$$\begin{cases}
x-2y&=1,\\
x+2y&=-1.
\end{cases}$$

**Exercise.** What if there is a third type of coffee in the example, say, $\$ 4$ per pound?

## Relations vs. functions

It is crucial that *graphs are sets* too; they are subsets of ${\bf R}^2$. In fact, we can still use the *set-building notation*:
$$\{(x,y): \ \text{condition on } x,\ y\}.$$
This condition, just as before, is often an equation; for example,
$$\{(x,y): \ x^2+y^2=1\}.$$
Because of the indirect nature of the definition of this set, plotting the graph of a numerical relation is cumbersome:
$$\newcommand{\ra}[1]{\!\!\!\!\!\xrightarrow{\quad#1\quad}\!\!\!\!\!}
\newcommand{\da}[1]{\left\downarrow{\scriptstyle#1}\vphantom{\displaystyle\int_0^1}\right.}
%
\begin{array}{lllll}
&&& & & &\text{outcome:} \\
&&& & & &\text{plot point } (x,y) \\
\text{plane:} & &\text{pair:} & & \text{relation:} & _\text{Yes}\nearrow& \\
{\bf R}^2&\to&(x,y) & \to & \begin{array}{|c|}\hline\quad x+y=2? \quad \\ \hline\end{array}\to & \\
&&& & & ^\text{No}\searrow& \\
&&& & & &\text{don't plot anything} \\
\end{array}$$

What else can we do?

**Example (lines).** This is how we visualized a relation earlier in this chapter. We pre-computed *all* values of $x+y$:

- each value of $x+y$ is placed at the location $(x,y)$.

We filled a spreadsheet with these values and then we examined the patterns. We discovered them to be *linear*:

But it was a conjecture... $\square$

We proved that the graph of any *linear* relation, i.e.,
$$Ax+By=C,$$
with either $A$ or $B$ not equal to zero, is a straight line. It is called an *implicit equation of the line*. When we represent the line by a function (below), the equation becomes *explicit*; all we need is to solve for $x$ or for $y$.

**THEOREM.** A linear relation between the sets $X={\bf R}$ and $Y={\bf R}$,
$$Ax+By=C,$$
may be represented by a function, called a *linear function*, as follows,

- (a) a function $F:X \to Y$, when $B\ne 0$, given by:

$$y=F(x)=-\frac{A}{B}x+\frac{C}{B};$$ and

- (b) a function $G:Y\to X$, when $A\ne 0$, given by:

$$x=G(y)=-\frac{B}{A}y+\frac{C}{A}.$$

Indeed, every function is a relations but not every relation is a function, but sometimes it is a function... or two!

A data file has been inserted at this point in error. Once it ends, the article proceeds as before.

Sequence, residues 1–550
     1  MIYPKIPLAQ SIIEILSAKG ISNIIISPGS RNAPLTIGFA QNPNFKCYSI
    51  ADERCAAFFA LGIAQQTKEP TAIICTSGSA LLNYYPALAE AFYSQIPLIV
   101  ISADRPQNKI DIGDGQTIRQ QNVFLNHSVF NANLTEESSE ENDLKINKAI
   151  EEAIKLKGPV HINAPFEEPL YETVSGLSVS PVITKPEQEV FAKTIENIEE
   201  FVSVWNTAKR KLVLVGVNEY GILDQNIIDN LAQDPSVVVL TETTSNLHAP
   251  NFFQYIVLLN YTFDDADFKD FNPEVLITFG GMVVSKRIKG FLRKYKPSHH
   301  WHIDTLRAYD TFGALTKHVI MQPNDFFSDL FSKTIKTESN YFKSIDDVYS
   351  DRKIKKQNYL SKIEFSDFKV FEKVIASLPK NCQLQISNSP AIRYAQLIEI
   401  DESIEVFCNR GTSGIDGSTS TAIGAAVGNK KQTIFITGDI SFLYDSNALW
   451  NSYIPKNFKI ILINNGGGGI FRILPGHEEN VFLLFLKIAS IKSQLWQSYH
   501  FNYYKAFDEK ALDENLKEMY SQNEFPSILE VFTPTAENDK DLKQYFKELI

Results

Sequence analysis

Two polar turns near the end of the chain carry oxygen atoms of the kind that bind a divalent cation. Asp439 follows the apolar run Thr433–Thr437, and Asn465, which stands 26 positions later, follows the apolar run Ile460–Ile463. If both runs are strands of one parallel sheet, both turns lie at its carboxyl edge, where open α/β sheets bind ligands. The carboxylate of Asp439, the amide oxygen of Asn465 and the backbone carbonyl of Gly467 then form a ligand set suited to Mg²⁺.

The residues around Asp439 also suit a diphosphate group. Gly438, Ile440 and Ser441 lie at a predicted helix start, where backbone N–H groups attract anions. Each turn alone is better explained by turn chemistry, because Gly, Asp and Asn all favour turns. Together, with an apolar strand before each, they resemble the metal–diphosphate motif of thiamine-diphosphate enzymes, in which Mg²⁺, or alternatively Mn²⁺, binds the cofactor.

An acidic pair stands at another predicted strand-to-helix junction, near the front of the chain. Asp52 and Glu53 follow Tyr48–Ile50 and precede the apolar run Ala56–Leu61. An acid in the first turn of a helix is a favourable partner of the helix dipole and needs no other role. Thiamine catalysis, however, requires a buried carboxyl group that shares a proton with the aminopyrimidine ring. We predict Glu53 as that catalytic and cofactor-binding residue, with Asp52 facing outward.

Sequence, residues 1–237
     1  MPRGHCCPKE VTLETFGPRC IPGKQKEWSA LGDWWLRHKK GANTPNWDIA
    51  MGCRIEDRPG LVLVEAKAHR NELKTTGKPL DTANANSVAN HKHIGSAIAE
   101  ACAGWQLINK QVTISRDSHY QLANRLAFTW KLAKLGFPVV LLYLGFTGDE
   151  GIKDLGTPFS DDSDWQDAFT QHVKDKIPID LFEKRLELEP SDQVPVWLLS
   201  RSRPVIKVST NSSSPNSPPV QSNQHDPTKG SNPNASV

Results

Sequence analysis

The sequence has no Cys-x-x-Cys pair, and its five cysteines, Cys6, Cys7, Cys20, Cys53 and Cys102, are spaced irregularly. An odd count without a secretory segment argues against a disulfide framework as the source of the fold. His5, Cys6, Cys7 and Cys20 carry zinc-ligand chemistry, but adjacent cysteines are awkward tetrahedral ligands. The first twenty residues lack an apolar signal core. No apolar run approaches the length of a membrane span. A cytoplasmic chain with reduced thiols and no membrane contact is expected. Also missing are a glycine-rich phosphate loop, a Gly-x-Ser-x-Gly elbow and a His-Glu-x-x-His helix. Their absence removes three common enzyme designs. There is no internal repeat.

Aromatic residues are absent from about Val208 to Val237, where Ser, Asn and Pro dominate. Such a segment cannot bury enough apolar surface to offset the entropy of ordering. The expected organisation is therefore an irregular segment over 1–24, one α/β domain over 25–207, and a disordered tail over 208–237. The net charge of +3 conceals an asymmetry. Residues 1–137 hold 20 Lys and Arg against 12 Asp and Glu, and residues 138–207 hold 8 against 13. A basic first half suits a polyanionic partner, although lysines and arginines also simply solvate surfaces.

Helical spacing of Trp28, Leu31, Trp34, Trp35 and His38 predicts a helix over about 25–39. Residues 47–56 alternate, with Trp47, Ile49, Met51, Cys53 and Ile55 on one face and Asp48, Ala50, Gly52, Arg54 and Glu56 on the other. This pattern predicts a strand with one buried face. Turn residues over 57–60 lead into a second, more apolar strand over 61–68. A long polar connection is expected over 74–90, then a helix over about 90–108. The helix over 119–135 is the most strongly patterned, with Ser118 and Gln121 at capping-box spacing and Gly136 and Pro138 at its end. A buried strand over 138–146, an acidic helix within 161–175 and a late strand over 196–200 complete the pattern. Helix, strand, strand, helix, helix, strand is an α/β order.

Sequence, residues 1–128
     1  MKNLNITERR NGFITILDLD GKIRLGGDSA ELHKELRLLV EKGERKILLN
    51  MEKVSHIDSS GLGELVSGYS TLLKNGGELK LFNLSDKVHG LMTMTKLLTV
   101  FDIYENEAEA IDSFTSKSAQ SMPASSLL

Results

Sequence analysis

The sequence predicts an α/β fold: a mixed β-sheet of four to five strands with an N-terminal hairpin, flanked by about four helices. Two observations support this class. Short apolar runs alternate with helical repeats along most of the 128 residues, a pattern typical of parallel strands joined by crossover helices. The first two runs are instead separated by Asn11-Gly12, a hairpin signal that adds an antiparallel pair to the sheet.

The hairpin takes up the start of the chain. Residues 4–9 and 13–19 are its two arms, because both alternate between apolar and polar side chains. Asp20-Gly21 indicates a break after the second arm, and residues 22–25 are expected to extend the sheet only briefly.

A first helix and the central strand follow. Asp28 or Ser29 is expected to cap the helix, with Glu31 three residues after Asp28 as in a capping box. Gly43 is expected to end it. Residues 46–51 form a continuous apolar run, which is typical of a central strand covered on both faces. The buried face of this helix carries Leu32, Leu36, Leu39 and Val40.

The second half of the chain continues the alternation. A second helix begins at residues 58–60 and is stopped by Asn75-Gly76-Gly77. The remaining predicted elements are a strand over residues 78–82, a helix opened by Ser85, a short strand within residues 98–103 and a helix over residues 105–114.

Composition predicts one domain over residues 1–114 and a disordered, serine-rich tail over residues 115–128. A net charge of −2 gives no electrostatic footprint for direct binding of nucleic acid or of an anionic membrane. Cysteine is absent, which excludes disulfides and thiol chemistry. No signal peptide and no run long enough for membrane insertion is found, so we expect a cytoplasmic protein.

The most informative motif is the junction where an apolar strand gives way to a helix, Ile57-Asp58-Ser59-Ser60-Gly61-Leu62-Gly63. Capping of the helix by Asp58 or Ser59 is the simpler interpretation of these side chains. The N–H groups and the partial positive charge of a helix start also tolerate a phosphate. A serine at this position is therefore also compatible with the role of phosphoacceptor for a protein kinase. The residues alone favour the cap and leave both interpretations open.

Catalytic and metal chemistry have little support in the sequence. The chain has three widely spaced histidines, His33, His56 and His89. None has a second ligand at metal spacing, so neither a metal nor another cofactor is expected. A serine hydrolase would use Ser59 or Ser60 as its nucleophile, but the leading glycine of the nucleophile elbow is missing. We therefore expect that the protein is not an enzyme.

**Example.** In the relation $x+y=20$ above, we have $A=1$ and $B=1$, so we can do both:
$$y=-x+20\ \text{ and }\ x=-y+20.$$
In the relation $y=3$, we have $A=0$ and $B=1$; this is the former case and the function is constant:
$$F(x)=3.$$
In the relation $x=2$, we have $A=1$ and $B=0$; this is the latter case and the function is constant:
$$G(y)=2.$$
$\square$

**Exercise.** Find all linear functions is these linear relations: $3x-2y=2$, $2x=3$, $-y=7$.

**Exercise.** Prove the theorem.

**Exercise.** What lines are *not* included in case (a)? case (b)?

Transitioning to *functions* makes the plotting task much easier.

Indeed, the $49$ computations are reduced to just $7$: $$\begin{array}{r|r} x&y=-x+2\\ \hline -2&4\\ -1&3\\ 0&2\\ 1&1\\ 2&0\\ 3&-1\\ 4&-2 \end{array}$$

In general, instead of having to run through a whole *plane* of $(x,y)$'s -- for relations, we only need to run through a *line* of $x$'s -- for functions. We also observe that, since there can be only *one* point of the graph of a function above each $x$, the graph of a function must be *one-point thick*, just like a curve...

**Example (circles).** Let's consider a more complex relation:
$$\newcommand{\ra}[1]{\!\!\!\!\!\xrightarrow{\quad#1\quad}\!\!\!\!\!}
\newcommand{\da}[1]{\left\downarrow{\scriptstyle#1}\vphantom{\displaystyle\int_0^1}\right.}
%
\begin{array}{lllll}
& & & & &\text{output:} \\
& & & & &\text{plot point } (x,y) \\
\text{input:} & & \text{relation:} & & _\text{Yes}\nearrow& \\
(x,y) & \mapsto & \begin{array}{|c|}\hline\quad x^2+y^2=1? \quad \\ \hline\end{array}\to & \\
& & & & ^\text{No}\searrow& \\
& & & & &\text{don't plot anything} \\
\end{array}$$
We quickly run through a few:
$$(0,0)\to \text{No!}\quad (1,0)\to \text{Yes!}\quad(1,1)\to \text{No!}\quad(0,1)\to \text{Yes!}\quad...$$